The No Child Left Behind Act (NCLB), Public Law No. 107-110, 115 Stat. 1425 (2001) was enacted in 2001 as the reauthorization of the Elementary and Secondary Education Act (ESEA). It covered all students, including those with disabilities, and provided support and supplementary education services in the areas of literacy development and intervention. This law was well received by inclusion advocates and special groups such as The Association for the Severely Handicapped (TASH) and the National Down Syndrome Congress [31,32]. For years, one of the issues in special education has been the watering down of the regular curriculum and instruction that overly focused on noncognitive aspects that are very different from those in general education (e.g., life skills). The advent of the NCLB marked a change in how society perceives individuals with disabilities by ensuring access to appropriate assessment and testing against grade-level standards and placing accountability of the students’ performance on the schools [31,32]. However, although the intention was good in the creation of this law, there were some criticisms that the law widened the gap between “normal” students and those who are marginalized, including those with disabilities. Instead of bridging the gap, the ESEA widened it by forcing unrealistic standards on marginalized students and those with disabilities [33,34,35]. The advent of the NCLB marked the shift towards neoliberal education policies that are founded on the premise that the success of an individual is influenced mainly by the individual’s own choices and decisions [33]. This perspective assumes that all children start on equal footing, which is not the case in real life, since students are born with varying degrees of privilege based on race, ethnicity and socio-economic status. This law had an even more impactful effect on special education, as standardized testing became the quality indicator of learning and schools started to be more academic centric [33]. In 2015, the ESEA was amended and reauthorized as Every Student Succeeds Act (ESSA) replacing the NCLB as a response to the call of teachers and families, since the prescriptive requirements of the NCLB were unpractical for most of the schools and teachers [36]. ESSA had more flexibility than the NCLB and did not rely solely on standardized test scores as the criteria for school performance.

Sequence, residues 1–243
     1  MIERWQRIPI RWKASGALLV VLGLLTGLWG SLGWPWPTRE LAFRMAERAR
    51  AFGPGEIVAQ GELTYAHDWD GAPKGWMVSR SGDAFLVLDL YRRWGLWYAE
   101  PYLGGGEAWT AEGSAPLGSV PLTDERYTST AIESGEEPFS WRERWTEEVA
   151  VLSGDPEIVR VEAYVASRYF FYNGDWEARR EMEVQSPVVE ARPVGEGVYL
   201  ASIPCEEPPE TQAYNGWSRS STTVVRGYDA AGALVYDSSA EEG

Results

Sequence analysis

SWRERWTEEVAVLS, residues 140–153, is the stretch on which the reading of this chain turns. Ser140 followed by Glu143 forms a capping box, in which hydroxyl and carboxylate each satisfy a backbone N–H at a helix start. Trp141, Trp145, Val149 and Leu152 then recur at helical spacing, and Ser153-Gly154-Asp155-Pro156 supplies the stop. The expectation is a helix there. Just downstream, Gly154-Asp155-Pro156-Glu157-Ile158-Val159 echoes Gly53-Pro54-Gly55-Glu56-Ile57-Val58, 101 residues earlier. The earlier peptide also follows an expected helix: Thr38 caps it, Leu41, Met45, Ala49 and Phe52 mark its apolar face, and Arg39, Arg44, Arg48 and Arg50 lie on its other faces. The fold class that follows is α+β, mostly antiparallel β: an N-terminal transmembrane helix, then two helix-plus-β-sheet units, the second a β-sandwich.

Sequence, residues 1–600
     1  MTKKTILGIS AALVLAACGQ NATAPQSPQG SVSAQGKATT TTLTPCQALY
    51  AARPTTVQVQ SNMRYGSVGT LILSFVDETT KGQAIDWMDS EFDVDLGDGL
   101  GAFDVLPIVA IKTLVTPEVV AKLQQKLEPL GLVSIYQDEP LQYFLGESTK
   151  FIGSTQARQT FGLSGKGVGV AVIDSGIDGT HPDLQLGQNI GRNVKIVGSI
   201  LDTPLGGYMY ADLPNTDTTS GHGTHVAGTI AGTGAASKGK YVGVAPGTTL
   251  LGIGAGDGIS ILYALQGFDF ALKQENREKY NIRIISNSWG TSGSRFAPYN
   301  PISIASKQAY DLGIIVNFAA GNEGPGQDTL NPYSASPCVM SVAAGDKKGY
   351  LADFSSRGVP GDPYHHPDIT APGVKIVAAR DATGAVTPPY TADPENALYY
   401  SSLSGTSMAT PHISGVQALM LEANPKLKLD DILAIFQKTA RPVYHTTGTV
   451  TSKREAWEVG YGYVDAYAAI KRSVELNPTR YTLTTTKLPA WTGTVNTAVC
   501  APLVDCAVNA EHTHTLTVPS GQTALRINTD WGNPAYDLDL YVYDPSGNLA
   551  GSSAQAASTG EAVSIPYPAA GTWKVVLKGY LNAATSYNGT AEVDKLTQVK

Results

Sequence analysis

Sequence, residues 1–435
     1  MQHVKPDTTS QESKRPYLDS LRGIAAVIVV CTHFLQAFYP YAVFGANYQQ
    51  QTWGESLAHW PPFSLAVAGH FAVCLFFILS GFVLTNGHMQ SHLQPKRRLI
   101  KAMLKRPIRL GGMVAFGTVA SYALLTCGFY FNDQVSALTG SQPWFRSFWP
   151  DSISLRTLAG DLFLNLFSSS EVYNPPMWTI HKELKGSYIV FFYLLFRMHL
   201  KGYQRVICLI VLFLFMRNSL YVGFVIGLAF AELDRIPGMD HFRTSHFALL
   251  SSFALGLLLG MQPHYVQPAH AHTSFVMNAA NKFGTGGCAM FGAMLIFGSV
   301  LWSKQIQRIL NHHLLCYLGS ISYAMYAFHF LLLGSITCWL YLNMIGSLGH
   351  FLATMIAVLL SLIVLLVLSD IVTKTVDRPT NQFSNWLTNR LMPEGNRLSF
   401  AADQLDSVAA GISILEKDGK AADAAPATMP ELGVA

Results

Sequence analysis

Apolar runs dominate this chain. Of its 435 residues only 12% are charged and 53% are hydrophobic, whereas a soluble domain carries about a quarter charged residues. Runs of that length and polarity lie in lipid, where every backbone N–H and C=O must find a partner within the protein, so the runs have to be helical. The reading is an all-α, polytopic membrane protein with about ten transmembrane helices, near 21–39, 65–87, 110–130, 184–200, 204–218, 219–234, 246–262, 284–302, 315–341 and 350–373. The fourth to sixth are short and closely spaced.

Special education is a function of current education policy and classroom practice, as decision making and resource management are governed by the current education policy and resource availability [8]. Hence, knowledge of the current special education policy is integral not only among school administrators and policymakers but also among teachers, special service providers, and parents, all of whom are at the forefront of implementing and assessing the child’s learning needs. Unfortunately, the reality is that a number of teachers, especially general education teachers have limited knowledge on the provisions of IDEA or Section 504 [37].

2.2. Key Constructs

2.2.1. Individualized Education Program

One of the key constructs of IDEA is the Individualized Education Program (IEP). To provide a FAPE for individuals with disabilities, schools—through the multidisciplinary team—must develop and implement an IEP for each individual with disabilities. The IEP is defined in IDEA as a written formal document for each child diagnosed with a disability and having special learning needs. The document contains pertinent information about the child’s background, capabilities, learning needs, accommodations needed, and goals and objectives to be achieved. This document is created, developed, and reviewed by a team of specialists who manage the child’s educational development on an annual basis. For preschool-aged children with disabilities, an individualized family service plan (IFSP) is created.
Individualized and appropriate instruction is one of the key principles of IDEA and special education [38]. Individuals with disabilities have particular needs to be met in order for them to obtain their full potential. As with their peers in the general education, individuals with disabilities have the rights to appropriate education and equal opportunities. The IEP ensures that each individual with disabilities is afforded these rights by identifying appropriate goals and objectives for the child and the necessary services the child needs [38,39]. As such, the quality of the IEP (i.e., goals and objectives set) affects the quality of a child’s education. Since the IEP is created by various people, the quality of which also varies. Drasgow, Yell and Robinson [38] argued that both procedural and substantive requirements of the IEP process should be followed by the schools as the procedural ensures the parent’s involvement, while the substantive ensures that the student is receiving the appropriate education.